KOKOMO – One of the characteristics I admire most in a human being is loyalty. There is a comfort when entering a barroom brawl, either literally or figuratively, that no matter what, someone has your back. To me, this is true whether it is in personal, business or political relationships. The way I judge a man is to determine whether I’d want him next to me in a foxhole.  

Unfortunately, the world of politics is filled with the insincere, the selfish, the ungrateful and the disloyal. When the sun is shining the disloyal person will hide in the shadows and protect their secret failing.  When times are tough and the call of unity in manning the walls is made, the disloyal will come slithering out of the woodwork.

I’ve got some experience in living and dealing with the politically disloyal. For nearly 12 years I served as a Republican county chairman. For those of you who don’t know the job of the county chairman, it is to serve as the fire hydrant at the Dalmatian convention. You are expected to devote countless hours to the job, raising money for candidates, organizing mail and door-to-door campaigns, recruiting talent and developing strategy. When you are needed, you are the most revered person in the world, but after the votes are counted, you are relegated to the corner of a cold and lonely office until the next election rolls around.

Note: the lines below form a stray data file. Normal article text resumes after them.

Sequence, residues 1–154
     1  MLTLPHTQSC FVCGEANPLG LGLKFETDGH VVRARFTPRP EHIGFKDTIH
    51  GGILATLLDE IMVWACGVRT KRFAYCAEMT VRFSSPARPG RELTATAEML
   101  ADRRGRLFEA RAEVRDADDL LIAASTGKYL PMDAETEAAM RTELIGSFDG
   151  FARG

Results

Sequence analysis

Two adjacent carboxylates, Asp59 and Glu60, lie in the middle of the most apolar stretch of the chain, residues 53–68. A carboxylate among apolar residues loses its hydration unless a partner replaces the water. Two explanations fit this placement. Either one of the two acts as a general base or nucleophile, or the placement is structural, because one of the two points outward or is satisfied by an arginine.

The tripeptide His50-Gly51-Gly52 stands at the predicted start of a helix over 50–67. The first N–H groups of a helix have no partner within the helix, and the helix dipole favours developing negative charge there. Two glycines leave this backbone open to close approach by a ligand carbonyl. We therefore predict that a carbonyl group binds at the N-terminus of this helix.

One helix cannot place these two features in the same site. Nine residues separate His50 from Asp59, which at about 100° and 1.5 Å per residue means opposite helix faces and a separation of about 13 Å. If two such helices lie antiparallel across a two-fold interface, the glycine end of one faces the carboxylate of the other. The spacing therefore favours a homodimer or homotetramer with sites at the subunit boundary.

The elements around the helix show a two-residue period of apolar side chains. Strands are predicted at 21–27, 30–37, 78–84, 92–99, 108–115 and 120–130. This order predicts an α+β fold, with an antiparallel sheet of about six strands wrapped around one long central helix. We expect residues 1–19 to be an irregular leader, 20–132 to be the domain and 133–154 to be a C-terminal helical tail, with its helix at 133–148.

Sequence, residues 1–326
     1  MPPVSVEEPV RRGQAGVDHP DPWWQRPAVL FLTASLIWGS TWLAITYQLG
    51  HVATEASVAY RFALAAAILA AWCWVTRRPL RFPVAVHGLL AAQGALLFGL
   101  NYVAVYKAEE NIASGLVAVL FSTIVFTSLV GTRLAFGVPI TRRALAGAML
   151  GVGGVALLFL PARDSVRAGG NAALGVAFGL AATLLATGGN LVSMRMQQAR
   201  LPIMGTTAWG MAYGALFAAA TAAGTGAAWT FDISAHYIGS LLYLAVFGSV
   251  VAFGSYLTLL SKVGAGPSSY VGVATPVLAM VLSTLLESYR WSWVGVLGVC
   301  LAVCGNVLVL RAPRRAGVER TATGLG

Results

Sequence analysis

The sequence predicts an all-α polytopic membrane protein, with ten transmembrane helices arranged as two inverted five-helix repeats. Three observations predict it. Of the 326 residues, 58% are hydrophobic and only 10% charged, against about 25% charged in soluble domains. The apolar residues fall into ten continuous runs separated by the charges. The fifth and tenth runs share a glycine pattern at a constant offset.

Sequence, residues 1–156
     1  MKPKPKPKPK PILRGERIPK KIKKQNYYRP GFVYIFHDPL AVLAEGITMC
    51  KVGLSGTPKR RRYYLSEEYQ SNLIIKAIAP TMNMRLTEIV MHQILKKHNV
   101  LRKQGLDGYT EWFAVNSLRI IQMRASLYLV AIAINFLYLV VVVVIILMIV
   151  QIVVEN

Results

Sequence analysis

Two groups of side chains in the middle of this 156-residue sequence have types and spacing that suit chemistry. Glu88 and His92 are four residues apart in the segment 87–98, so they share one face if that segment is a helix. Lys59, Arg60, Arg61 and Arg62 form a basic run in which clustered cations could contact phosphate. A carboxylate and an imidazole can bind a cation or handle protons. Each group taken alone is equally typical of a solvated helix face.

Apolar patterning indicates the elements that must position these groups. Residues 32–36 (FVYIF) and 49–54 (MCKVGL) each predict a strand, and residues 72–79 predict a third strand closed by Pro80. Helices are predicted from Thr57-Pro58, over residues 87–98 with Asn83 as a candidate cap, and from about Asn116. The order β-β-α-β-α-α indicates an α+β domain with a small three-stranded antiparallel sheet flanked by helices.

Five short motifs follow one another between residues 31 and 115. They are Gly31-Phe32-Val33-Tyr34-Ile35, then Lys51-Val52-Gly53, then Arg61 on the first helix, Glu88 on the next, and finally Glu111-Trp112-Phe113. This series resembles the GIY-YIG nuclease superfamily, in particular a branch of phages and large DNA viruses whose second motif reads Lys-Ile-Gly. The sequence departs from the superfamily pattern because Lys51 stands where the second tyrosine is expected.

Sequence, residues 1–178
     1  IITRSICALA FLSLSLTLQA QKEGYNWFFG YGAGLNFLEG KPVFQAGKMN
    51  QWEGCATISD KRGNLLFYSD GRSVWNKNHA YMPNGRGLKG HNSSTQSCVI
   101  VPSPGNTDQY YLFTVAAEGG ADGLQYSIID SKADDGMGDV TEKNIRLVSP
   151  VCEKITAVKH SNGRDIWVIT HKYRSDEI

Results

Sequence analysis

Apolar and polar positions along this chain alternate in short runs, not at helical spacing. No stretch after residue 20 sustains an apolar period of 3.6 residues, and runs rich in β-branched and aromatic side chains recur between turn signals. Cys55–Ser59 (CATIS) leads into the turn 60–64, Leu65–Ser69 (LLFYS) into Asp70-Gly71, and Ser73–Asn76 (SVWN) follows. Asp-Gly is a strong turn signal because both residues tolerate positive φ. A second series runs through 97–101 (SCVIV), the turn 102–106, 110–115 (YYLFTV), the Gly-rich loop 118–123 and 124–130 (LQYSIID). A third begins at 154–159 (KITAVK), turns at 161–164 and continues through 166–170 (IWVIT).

I’ve seen some doozies in the category of ingratitude while serving as a party chairman.  My first experience came during my first term as chairman.  When I became party chairman in Howard County, it was no secret that Kokomo was generally viewed by anyone in the halls of political power as merely a speed bump on the long trip from Indianapolis to South Bend. Many representatives, senators, governors and politicos of all stripes visited Kokomo, usually while driving 70 miles per hour. We tried to arrange more prolonged visits by installing traffic lights every 200 yards.  In a rare demonstration of bipartisanship, former Speaker Pat Bauer and the Republican establishment agreed to spend millions to bypass our bypass and all of our traffic lights went for naught.